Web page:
4. The year of storage – the authors write that in 2012 we’ll see “a growth in the development to strategic scale (a significant change) of viable storage devices”. It’s also true for renewable energies, such as solar thermal, where we are expected to see companies like SolarReserve and BrightSource moving ahead with new storage technologies that are supposed to make renewable energy more competitive on a larger scale.

5. The unrest in Nigeria will not move big oil companies to clean energy activity – One of the factors the authors write about is the return of the chaos in Nigeria, where there is a threat of a civil war. Only this week Bloomberg reported that Nigerian workers began a national strike after fuel costs more than doubled, threatening to shut ports and disrupt output from Shell and Chevron. Even if the situation in Nigeria escalates, it’s unlikely that Shell and the other big oil companies operating in Nigeria will see it as a reason to shift their focus to renewable. There’s too much money for them in Nigerian oil to give it up, and in the worst case scenario, where they are kicked off the country, they’ll just be looking for a new Nigeria to make money from.

6. 2013 might be even more important – The authors write that “based on present evidence, the US energy dependence pattern will remain slow to change in 2012, and significant change is only likely to occur with a change in US political leadership, which could occur at the beginning of 2013.” They’re probably right – the results of the upcoming elections can make a big difference for the clean energy sector, making 2012 a not so important year after all.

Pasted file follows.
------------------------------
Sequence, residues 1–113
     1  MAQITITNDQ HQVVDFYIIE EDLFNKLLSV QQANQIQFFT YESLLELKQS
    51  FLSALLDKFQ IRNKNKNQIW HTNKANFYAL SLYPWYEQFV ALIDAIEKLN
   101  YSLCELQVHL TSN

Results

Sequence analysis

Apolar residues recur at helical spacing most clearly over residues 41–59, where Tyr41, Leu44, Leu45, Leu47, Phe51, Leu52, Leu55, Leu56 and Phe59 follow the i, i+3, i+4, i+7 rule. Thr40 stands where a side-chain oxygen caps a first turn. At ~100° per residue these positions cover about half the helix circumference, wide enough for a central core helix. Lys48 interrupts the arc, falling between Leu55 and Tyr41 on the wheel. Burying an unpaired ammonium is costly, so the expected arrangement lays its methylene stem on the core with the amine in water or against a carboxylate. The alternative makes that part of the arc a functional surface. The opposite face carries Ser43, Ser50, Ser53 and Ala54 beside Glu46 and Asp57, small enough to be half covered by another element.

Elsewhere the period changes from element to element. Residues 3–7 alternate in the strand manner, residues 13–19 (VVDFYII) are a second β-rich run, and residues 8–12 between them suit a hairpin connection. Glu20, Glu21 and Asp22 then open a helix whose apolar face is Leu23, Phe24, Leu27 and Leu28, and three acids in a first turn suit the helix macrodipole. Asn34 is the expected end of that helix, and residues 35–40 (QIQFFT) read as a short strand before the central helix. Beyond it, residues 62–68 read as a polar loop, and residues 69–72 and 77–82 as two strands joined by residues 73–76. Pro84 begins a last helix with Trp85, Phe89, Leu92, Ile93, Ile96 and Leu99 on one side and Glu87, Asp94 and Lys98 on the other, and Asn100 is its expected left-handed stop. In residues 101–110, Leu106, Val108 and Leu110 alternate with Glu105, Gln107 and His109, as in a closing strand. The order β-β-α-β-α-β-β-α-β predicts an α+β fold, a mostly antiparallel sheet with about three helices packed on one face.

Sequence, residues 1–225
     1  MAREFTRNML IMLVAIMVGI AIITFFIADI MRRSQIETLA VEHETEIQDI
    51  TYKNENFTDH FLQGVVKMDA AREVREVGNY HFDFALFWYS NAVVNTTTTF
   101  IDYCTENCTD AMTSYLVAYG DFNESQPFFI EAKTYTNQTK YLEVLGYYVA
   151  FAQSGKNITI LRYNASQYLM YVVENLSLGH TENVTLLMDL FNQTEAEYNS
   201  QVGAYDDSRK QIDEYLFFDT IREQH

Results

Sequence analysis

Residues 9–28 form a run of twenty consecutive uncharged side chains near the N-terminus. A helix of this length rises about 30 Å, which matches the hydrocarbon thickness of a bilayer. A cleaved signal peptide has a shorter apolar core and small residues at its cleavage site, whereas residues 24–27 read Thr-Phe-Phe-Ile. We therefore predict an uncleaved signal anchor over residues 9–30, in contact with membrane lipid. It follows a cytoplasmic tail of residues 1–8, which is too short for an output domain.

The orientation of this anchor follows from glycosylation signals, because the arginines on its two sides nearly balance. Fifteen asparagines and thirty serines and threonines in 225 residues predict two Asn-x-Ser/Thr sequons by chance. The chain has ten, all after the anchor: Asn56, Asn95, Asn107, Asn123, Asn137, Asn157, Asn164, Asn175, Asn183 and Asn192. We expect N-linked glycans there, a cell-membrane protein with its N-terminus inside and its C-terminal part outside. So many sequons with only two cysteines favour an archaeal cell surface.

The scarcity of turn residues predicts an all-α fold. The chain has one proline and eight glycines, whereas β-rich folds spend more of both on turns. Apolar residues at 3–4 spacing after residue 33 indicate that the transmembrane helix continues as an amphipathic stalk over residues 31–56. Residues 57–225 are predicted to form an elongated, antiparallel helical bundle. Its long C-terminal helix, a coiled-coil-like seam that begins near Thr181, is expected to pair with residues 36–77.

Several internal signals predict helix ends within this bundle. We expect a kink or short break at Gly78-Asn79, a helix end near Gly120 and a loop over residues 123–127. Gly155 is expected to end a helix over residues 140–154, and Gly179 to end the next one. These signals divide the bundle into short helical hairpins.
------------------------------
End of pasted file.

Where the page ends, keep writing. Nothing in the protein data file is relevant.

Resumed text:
7. Political changes in China – the authors remind us that the Chinese President Hu Jintao is going to step down from the presidency in 2012, and this will trigger a new era in Chinese politics. His successor Xi Jinping seems to be a supporter of clean energy and can play an important role in promoting a conservation culture in China and leading the country to meet its 12th Five-Year Plan clean energy targets.

8. Take predictions cautiously – no matter how smart analysts are, it’s difficult if not impossible to predict the future. Who could foresee, for example, the Fukushima nuclear accident and its implications on the Japanese and Germany nuclear policies? I also bet few if any analysts at all predicted the bankruptcy of Solyndra and the damage it caused to the solar market in 2011. In other words, take all predictions cautiously and don’t forget to check them on January 1st, 2013.

Image credit: kilobar, Flickr Creative Commons

Raz Godelnik is the co-founder of Eco-Libris, a green company working to green up the book industry in the digital age. He is an adjunct faculty at the University of Delaware’s Department of Business Administration, CUNY and the New School, teaching courses in green business and new product development.


▼▼▼      1 Comment     ▼▼▼

Newsletter Signup
  • http://twitter.com/ecopolitidae Ecopolitidae

    Big Solar (BrightSource et  al) destroys ecosystems and requires costly new transmission.  Massive distributed solar in the built environment is far more secure, cost effective and sustainable.